When Michael Johnson one of the world's greatest track Olympians speaks about pressure any rugby coach whose team is still involved at this stage of the season should be reaching for his notebook.
With four Olympic gold's and eight World Championship medals to his name you may be questioning if he ever felt any, as his demeanour was always one of ultimate serenity.
Listen to him talk about pressure and his first point of reference is 1996 the Atlanta Games. Six years a professional athlete and no Olympic Gold to his name and he finds himself lining up in the 400m final on home soil, the weight of a nation's expectation sitting heavy on his shoulders.
Johnson goes on to win the 400m and later becomes the only male athlete to this day to add the 200m gold medal at the same Games.
What was it that on that particular day in 1996, allied to a remarkable physical prowess, that gave Johnson the focus and belief that this was going to be his Games?
He is quoted as saying: "The mind is absolutely instrumental in achieving results," and that, "One of the main techniques I used was focusing on the goal and visualising myself competing in the race before the race started."
Doubts creep in
Now rugby ,like most sports, has taken huge steps in recognising the part that psychology has in supporting individuals in their quest for success, but for all the support provided there will always be that most fragile of moments when an individual or team has yet to win anything and doubts are at their greatest.
Now rugby, like most sports, has taken huge steps in recognising the part that psychology has in supporting individuals in their quest for success, but for all the support provided there will always be that most fragile of moments when an individual or team has yet to win anything and doubts are at their greatest.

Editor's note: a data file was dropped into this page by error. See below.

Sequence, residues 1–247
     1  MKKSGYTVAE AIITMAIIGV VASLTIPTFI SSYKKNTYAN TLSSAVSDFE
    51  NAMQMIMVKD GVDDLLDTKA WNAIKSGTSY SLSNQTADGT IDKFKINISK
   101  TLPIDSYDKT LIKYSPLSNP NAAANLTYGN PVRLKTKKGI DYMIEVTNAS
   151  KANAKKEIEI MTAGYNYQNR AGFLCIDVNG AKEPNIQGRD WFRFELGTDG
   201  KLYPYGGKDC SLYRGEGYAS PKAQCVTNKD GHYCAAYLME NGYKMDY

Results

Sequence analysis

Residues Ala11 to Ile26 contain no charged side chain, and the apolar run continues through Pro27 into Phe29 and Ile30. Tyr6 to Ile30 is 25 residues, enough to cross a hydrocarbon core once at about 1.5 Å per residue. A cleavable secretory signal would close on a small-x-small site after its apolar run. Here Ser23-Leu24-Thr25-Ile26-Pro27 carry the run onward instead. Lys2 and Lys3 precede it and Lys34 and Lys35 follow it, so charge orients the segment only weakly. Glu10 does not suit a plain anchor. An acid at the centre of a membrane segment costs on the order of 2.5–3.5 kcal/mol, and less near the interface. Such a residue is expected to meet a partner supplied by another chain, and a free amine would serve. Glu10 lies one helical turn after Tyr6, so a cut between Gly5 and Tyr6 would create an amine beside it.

Quotes of the week
LIVE ON SKY SPORTSLeinster v Ulster
5pm, Sat, Sly 3D, Sky Sports 3 HD & Sky Sports 3
Watch on the move with Sky Go
How to remote record
Something or someone has to influence that final step which separates them from everyone else. This moment is all the more precarious within a team sport given that each individual has to rely on his team mate to share the same degree of focus and desire that he does.
The challenge for any rugby coach is to create a vision and belief that is shared by 23 others - no mean feat.
Wind back to last weekend's action and the game between Harlequins and Northampton. The Aviva semi-finals, with a spot at Twickenham up for grabs, a prize that neither have achieved in their past.
Both sides trapped in that most fragile of moments, no reference point of previous successes to refer to and aware that the next 80 minutes would define their last nine months' work.
Quins have lead the Premiership table since the early part of September with a brand of high tempo, well structured rugby, but struggled on the day to find the width and enterprise that has taken them so far this season. Conor O'Shea later admitted that his team had succumbed to the tension.